Of course, the beautiful name for it is called revenge spending. You can see that as well in the sales of cars. Who needs a car when you cannot use it because of the lockdowns? By the way, the only thing that sold very well during the pandemic was high-quality audio-visual equipment because, at home, we did nothing but watch Netflix.  

What is happening now is that this pent-up demand is coming to the fore, and our estimate is that there is so much pent-up demand, it will still carry the economy this year.  

But what about 2024? How bad will the economy be once the pent-up demand is gone? We are saying that by that time, we have licked inflation, hopefully, and the macroeconomic and monetary policy arrangements will be much better. Although I have heard people with a very gloomy forecast for the global economy who actually see 2024 to be worse than 2023.  

Target-consistent future path 

So, I think, that is the last message [on price stability]. Our monetary policy nipped inflation in the bud and limited it to supply shocks. We prevented supply shocks from becoming permanent momentum for inflation, and we paid a relatively small price for it because the economy was quite strong anyway because of the pent-up demand.  

Hopefully, by the time we get there, which is 2024, when pent-up demand is gone, then monetary policy will be much looser than what we have now. How much looser? I do not know. It will depend on a lot of things. 

Our forecast this year is that inflation will be 4.5 percent for the simple reason I have already discussed: the momentum of inflation will have a high first half-over 4.0 percent-and the second half of the year will be below 4.0 percent. But the [lower inflation for the] second half of the year cannot offset fully the first-half [figures]. Indeed, as you can see, inflation last year was 5.8 percent, so it is going down. So, that is the main scenario forecast. The month-on-month [figures are] already normalizing. This will get detected in the year-on-year [numbers] by the third quarter of this year, and we will be back to target for the rest of the year.  

Looking to lessons from the past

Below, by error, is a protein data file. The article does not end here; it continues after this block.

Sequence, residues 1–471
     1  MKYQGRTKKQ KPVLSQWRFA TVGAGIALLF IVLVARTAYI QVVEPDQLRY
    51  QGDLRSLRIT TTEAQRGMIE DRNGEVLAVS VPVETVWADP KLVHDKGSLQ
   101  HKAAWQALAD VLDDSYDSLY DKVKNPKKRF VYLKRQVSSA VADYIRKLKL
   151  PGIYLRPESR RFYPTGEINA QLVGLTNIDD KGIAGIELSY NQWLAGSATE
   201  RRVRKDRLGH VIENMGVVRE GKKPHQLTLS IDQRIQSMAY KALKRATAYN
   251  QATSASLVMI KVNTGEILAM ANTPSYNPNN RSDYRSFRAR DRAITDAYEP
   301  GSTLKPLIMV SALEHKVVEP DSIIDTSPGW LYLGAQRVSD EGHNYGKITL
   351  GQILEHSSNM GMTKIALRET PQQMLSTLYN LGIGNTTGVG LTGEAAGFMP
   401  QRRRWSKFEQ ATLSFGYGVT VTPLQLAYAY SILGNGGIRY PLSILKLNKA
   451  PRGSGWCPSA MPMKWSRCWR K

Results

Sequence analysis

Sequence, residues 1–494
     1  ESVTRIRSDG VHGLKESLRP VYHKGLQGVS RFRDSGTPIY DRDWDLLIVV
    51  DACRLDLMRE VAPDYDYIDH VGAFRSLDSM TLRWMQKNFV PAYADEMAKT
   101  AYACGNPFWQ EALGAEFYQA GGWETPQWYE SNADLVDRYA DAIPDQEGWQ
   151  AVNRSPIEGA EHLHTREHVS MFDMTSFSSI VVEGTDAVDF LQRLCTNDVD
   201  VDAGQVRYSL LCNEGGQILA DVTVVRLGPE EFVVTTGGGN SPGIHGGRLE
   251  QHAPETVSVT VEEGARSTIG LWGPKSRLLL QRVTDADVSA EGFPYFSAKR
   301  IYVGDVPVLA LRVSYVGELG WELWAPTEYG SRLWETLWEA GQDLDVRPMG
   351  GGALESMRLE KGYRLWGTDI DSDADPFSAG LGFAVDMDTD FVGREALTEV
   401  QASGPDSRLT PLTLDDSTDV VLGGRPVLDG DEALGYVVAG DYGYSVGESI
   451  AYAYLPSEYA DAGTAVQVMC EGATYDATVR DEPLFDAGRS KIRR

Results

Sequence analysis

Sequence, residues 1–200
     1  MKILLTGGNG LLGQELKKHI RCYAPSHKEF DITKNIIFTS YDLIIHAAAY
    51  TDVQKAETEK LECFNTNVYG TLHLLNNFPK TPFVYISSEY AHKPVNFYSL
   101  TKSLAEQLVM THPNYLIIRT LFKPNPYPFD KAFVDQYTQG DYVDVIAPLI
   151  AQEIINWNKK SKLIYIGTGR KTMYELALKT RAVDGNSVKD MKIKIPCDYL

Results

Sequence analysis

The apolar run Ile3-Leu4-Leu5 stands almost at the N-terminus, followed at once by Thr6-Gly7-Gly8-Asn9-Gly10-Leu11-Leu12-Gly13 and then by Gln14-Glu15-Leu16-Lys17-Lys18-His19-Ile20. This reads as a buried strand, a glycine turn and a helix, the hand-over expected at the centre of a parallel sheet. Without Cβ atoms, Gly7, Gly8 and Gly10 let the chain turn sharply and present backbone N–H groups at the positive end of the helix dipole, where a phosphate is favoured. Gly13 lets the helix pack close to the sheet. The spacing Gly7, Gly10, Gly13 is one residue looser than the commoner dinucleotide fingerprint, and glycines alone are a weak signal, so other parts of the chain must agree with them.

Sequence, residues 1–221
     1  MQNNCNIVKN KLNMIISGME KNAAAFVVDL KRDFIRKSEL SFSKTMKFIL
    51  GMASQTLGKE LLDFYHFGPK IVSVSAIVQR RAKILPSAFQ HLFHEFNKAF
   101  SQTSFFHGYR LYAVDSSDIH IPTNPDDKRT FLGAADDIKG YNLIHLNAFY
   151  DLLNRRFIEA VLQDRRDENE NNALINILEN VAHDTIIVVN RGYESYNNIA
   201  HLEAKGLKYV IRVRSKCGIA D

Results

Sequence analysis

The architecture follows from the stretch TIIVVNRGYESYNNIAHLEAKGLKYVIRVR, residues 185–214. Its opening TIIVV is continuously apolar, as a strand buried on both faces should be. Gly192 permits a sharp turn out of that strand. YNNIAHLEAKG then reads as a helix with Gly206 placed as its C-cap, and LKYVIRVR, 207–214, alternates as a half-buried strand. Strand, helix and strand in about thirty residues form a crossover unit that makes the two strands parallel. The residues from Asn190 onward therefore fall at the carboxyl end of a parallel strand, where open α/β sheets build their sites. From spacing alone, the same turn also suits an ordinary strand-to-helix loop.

And we have a historical basis to do this. As I said, the longest streak of above-target inflation is 15 months. Now, this [current] episode of inflation is a bit more difficult, so we will say 16, 17 months.  

The longest period that we were off-target-when inflation was below [target]-I think, was in 2015–2016 [when inflation was] 0.7 percent, below 2.0 percent [target], and 1.3 percent. By the way, nobody was complaining that we were off target [at that time] for obvious reasons. A big part of it was due to global deflation.  

If you have very, very globally powerful inflation, we may have a repeat of that [period of above or beyond target inflation]. The longest was 24 months of below 2.0 percent inflation. If that gets repeated on the demand side, we now have global inflation, and, like it or not, we really are importing [inflation].  

Some might say, "I do not really see ourselves as part of the global economy." [To that, I say] "Well, you are not influenced by inflation, but, like North Korea, you [may] have no inflation, but you are poor forever." That is my problem with all my anti-globalist friends from UP [University of the Philippines]. They are so afraid of globalization. Of course, that also means they are so afraid that the government is unable to collect taxes and use the money well. No matter what we say about our system, it has its defects, but it is able to do things well.